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Welcome to Nom Wah Tea Parlor. Opened in 1920, it is the oldest continuously running restaurant in Chinatown. Located in an area originally known the “Bloody Angle” (born from its street’s sharp corner and the warring gangs who took advantage of this unsuspecting turn), Nom Wah was foremost a bakery. Its specialty were their mooncakes, for which patrons would regularly line up down the block. While the neighborhood has since morphed from a gritty, blood-soaked quarter to a humming hotspot—adjacent to trendy speakeasies designed to resemble those from the good ol’ days of Prohibition and gang warfare—Nom Wah has remained a neighborhood staple, still offering fresh Chinese pastries in addition to their steamed buns, dim sum, and tea.
The literal translation of dim sum is “touch the heart,” and is often combined with yum cha, “to drink tea.” Dim sum culture began in the port city of Guangzhou. Originally a luxury, it eventually made its way into teahouses, particularly those serving as rest stops along the historic Silk Road. Travelers, traders, and rural farmers would frequent them to enjoy a hot beverage and conversation. Over time, the houses offered small bites to accompany the tea, which evolved into the modern dim sum tradition.
Typically, carts stacked with small plates and bamboo steamer baskets roll out of the kitchens, and customers boldly flag down their desired carts. The dim sum is enjoyed family-style; shared amongst the table, so diners can enjoy a veritable banquet of steamed buns and finely crafted dumplings. And while Hong Kong and Guangzhou still lay claim to the world’s greatest dim sum, kitchens like Nom Wah introduced, fostered, and perfected this culinary export for the US.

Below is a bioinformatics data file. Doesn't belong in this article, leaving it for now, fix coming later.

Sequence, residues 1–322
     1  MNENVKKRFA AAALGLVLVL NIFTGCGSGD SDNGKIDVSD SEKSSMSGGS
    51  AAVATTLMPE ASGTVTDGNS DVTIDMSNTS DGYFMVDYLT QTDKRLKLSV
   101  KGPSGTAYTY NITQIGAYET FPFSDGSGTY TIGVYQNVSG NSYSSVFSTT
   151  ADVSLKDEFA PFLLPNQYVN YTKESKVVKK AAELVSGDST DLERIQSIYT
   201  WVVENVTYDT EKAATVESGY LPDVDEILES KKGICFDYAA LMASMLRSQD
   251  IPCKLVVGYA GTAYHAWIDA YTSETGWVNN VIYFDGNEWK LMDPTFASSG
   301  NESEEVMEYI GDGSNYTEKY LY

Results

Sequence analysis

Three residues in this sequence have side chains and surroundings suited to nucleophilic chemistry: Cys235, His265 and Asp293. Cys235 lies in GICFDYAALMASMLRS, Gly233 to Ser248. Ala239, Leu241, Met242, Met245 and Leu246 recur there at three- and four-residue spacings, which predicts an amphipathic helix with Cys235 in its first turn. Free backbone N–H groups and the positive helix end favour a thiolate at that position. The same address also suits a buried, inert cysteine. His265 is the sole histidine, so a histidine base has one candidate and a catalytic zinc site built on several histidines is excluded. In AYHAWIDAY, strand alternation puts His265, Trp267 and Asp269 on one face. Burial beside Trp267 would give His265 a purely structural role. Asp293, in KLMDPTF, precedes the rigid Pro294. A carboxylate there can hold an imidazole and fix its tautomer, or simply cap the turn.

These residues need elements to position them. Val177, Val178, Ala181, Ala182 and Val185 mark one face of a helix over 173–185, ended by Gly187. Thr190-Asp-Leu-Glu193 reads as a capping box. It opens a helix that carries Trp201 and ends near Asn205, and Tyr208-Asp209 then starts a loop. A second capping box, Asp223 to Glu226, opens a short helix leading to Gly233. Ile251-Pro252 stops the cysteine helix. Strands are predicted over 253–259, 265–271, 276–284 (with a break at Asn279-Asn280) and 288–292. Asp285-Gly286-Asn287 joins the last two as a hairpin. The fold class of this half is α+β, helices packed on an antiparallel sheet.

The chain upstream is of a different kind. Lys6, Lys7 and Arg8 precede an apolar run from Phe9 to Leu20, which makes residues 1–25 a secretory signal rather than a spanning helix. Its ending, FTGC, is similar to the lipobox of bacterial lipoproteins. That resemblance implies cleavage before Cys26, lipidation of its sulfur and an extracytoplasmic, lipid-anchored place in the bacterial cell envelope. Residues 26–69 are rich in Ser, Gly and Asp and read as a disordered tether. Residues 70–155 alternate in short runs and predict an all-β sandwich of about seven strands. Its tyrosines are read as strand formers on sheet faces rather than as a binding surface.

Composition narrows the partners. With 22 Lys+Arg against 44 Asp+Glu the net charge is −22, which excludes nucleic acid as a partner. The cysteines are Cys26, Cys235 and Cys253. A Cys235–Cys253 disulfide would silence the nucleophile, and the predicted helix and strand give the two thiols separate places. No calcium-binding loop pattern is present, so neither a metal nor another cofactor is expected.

The first known owners were the Choys, who in 1950 hired a scrappy sixteen-year-old dishwasher named Wally Tang. Within four years he had worked his way up to manager, a position he held until he bought the restaurant in 1974. Sixty years after washing his first dish, Uncle Wally passed the reins of the establishment to his nephew, Wilson, who is still running it today. In 2015, the Nom Wah brand expanded to touch the hearts of diners in Philadelphia’s Chinatown.
Wilson welcomes opportunities to showcase the restaurant. Numerous movies and TV shows—from Reversal of Fortune to Law and Order—have used the charming red leather booths, vintage fixtures, and shelves of antique tea canisters, all lovingly restored to uphold Nom Wah’s cred as a New York institution. In 2015, the Met Gala pre-party was held at the restaurant.
Today, the lively carts of the Tea Parlor have been replaced by a made-to-order, all-day menu…but the classic dishes and century-old vibe remains (and you won’t hear us complaining about additions such as brunch mimosas). But tea is still central to any dim sum meal, a nod to the houses where the cuisine originated, and essential for an authentic dim sum experience. The most popular varietals are Oolong, Jasmine, Chrysanthemum, and—for white tea drinkers or enduring, expressive skeptics among you—Shou Mei, also known as “longevity eyebrow.”
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